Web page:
The Hidden Giant: Roots, Tubers, and Bananas in Africa

The Scheinriese – the apparent giant – is a literary character from a children’s book I loved when growing up. The author, Michael Ende, describes him as a peaceful, empathetic, helpful, lonely (but sociable) gentleman named Tur Tur, who cannot help it that others fear him because of his apparent size when seen from afar. Coming

Image of two Lego figures of children looking with amazement at an RTB giant.
When the giant you see is a familiar friend.

closer though he shrinks “to a man of just ordinary size”.

An altogether different sensation must have befallen IFPRI’s agronomists projecting African food productions until 2050: Roots, tubers, and bananas, in short RTBs, are all but surpassing any other crop family in value and net production. Yams, cassava, and plantain, crops that are largely farmed by smallholders, with low inputs on little plots, without machines or expensive infrastructure, are gigantic in agricultural terms. Hidden giants for that matter because necessary funding and crucial investments to improve their productivity are falling short. This needs to change.

How RTBs became the most important crops in Africa is easy to understand when looking at their versatility and resilience: they are cheap and easy to grow with little need for irrigation and fertilizer. Growing in diverse soils, roots and tubers are almost twice as effective as wheat or rice in turning natural resources into calories for human consumption. In a climate-stressed world, they seem to fare better under conditions of erratic rainfall, heat, and drought. At the same time, they are nutritious and rich in protein, vitamin C, A, zinc, and iron, meeting the dietary demands of rapidly growing and urbanizing societies.

How then are investments falling behind that of other crop families? The reasons are manifold and start with the fact that many RTBs do not lend themselves to mechanized production as is the case with cereals or livestock. Commercial investments are therefore difficult.

More importantly, people are simply not aware of RTBs’ impact on food security. Their role and potential in feeding Africa and the world beyond is a story rarely told. Perhaps because RTBs are farmed by “ordinary men” – or rather women.

Women, as farmers, market traders, processors, community educators and in many other roles, are crucial factors in the production of RTBs. Their structural disadvantage in receiving educational opportunities, loans, and land is hurting the development of RTB farming on the continent.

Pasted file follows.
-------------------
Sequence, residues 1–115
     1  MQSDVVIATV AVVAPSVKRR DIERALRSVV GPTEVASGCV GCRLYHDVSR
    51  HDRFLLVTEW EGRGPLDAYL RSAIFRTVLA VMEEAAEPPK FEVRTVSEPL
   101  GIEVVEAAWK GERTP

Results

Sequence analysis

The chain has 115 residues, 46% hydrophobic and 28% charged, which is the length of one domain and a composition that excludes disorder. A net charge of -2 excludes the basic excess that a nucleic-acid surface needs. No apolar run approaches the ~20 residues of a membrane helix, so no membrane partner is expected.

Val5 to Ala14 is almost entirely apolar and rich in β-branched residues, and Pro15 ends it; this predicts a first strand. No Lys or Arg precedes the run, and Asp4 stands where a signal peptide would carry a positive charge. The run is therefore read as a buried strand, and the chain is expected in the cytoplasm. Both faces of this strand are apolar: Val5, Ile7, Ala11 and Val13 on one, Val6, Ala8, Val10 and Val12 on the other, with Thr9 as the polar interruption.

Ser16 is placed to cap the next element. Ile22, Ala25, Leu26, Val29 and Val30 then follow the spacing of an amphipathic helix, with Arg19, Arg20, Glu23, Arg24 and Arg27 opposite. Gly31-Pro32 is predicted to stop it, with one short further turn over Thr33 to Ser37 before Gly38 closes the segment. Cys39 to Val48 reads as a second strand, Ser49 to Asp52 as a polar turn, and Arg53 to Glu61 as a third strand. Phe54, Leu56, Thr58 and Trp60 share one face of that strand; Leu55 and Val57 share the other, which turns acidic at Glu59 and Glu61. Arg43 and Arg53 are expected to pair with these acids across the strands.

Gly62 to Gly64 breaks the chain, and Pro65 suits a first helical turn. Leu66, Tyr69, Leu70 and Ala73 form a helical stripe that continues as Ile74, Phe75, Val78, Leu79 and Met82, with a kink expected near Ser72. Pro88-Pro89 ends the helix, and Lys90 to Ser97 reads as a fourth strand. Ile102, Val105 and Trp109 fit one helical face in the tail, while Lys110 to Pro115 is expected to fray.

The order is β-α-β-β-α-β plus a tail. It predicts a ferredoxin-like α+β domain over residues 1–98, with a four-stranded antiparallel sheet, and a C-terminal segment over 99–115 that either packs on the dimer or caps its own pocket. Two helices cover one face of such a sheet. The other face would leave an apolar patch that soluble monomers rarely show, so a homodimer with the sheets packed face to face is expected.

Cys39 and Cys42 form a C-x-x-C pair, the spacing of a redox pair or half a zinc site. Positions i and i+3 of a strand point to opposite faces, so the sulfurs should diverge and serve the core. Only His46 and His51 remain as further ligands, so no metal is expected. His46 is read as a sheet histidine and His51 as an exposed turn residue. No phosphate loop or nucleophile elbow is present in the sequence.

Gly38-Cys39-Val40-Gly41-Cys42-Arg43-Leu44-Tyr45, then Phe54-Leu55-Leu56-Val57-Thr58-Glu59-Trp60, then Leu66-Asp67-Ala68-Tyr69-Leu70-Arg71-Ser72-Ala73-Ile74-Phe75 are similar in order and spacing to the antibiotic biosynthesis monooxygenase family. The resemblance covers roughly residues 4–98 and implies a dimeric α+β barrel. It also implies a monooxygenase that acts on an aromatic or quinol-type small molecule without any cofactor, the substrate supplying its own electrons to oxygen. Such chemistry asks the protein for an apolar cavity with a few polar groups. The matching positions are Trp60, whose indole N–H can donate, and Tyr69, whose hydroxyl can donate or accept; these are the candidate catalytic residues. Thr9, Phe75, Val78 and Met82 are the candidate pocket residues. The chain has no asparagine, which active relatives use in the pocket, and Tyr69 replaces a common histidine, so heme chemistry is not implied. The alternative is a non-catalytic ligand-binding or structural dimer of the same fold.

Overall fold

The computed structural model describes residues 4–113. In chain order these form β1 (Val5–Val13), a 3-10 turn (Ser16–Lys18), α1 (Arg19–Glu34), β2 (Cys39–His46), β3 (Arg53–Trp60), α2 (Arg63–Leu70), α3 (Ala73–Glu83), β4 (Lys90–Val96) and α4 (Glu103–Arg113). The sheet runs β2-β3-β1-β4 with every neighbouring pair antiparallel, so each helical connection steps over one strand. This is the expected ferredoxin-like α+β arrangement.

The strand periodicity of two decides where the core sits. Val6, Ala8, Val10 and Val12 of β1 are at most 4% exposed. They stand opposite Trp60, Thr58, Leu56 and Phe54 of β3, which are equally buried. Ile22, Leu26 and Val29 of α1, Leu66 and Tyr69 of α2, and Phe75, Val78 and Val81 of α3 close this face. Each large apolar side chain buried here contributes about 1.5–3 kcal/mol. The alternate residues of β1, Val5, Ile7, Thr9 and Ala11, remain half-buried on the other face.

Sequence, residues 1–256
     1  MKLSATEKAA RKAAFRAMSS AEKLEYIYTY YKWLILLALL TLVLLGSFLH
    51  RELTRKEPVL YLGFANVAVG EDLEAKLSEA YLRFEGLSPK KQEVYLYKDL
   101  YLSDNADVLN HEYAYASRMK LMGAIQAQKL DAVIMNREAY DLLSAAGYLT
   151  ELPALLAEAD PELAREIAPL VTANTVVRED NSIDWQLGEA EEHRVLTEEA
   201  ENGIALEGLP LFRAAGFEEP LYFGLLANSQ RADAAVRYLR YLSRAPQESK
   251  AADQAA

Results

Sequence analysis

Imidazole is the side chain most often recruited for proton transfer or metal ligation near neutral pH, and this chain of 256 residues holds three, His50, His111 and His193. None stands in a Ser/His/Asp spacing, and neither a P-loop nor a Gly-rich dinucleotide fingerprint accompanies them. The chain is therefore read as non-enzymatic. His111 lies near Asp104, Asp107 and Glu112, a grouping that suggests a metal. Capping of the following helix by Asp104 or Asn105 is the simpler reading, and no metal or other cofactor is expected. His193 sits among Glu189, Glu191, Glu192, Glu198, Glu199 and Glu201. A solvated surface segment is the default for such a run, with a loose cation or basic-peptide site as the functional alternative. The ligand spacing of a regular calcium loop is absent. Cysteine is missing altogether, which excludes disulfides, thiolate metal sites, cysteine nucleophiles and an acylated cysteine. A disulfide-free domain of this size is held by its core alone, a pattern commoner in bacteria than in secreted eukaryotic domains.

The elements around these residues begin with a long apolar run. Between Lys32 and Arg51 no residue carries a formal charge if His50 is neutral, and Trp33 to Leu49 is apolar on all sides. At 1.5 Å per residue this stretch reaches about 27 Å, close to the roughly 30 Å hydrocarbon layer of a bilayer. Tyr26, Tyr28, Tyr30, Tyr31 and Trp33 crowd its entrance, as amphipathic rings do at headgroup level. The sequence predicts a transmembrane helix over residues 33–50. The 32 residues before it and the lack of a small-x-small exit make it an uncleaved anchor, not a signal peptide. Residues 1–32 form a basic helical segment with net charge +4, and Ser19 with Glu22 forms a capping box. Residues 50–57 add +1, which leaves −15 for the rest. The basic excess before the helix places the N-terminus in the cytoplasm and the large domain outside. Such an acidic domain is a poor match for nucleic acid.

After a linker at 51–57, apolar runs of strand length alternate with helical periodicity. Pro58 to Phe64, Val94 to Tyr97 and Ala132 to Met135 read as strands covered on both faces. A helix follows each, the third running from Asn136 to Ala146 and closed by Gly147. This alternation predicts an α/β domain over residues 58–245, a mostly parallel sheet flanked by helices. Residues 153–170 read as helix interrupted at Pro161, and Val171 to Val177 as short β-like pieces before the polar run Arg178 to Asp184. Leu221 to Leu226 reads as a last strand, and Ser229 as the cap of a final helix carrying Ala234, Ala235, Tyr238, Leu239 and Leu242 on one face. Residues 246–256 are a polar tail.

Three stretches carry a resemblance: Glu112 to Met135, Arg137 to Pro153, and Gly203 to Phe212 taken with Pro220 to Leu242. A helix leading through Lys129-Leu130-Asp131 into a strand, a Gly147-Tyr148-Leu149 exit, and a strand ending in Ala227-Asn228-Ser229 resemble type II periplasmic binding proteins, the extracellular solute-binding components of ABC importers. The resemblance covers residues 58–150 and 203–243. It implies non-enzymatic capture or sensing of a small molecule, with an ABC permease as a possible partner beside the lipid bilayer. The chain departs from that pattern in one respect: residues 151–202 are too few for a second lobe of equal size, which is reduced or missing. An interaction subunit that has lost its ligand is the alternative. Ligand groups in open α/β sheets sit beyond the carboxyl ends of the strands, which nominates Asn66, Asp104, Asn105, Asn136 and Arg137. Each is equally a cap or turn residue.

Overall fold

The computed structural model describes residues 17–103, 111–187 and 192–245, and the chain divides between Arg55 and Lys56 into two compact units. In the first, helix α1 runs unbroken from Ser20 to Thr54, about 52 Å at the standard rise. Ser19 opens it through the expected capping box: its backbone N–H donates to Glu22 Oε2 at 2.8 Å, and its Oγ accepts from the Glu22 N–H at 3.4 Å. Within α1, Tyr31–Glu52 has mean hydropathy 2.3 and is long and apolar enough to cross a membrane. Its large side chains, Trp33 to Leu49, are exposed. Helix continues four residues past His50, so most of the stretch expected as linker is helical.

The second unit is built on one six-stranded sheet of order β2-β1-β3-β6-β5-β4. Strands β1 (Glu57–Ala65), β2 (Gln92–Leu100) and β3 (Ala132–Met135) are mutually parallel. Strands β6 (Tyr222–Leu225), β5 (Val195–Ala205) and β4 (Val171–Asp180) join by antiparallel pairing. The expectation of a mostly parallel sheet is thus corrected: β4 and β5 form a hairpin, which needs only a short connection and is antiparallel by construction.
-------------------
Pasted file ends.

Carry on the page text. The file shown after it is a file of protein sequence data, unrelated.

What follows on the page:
But the single most important reason is breeding. RTBs do not primarily propagate by seed but clonally, meaning that parts of the parent plant, such as stems, roots, or leaves, are used to generate genetically identical offspring, known as clones. In turn, they often have a limited gene pool and produce few or useless seeds. This makes breeding and the development of new varieties difficult, labor-intensive, and time-consuming. Yet any plant-based agricultural sector is reliant on the availability of quality varieties and seeds.

Despite these challenges, RTBs present significant opportunities. Scientific advancements and programs such as CGIAR’s RTB Breeding are enhancing genetic diversity and adapting these crops to changing environmental conditions.

In the upcoming weeks and months, we will use this space to highlight some of the impactful work of RTB Breeding scientists involved in developing improved plants and increasing seed and food production. With articles, explainer, and video reports, we want to tell stories of resilience and innovation. How research into RTBs can help people after natural disasters and in conflict ridden zones. What economic prospects they represent already today and how networks of scientists and policy makers contribute to regional integration and food security.

This comes not one day too soon: Just recently the World Meteorological Organisation warned that 2023 was the warmest year on record, confirming a global trend in rising temperatures. The consequences are starkly evident across regions like Southern Africa, where Zambia faces its worst drought in living memory. After no rainfall in its wet season, President Hakainde Hichilema pleaded for help on CNN on March 20, “This is the time when our staple food is maturing. But it’s gone. It’s wiped out. In six of our nine provinces the crop is gone.”

At the end of the children’s book, Scheinriese Tur Tur aids the story’s heroes in navigating their way out of a deadly desert where they were trapped. He becomes a living lighthouse, cautioning others against repeating the same mistake. Similarly, as land pressure intensifies and the climate crisis unfolds in the real world, RTBs may show us a path toward a more food-secure and stable future. But for that they need better breeding. And funding. Now.

–By Stefan Mohl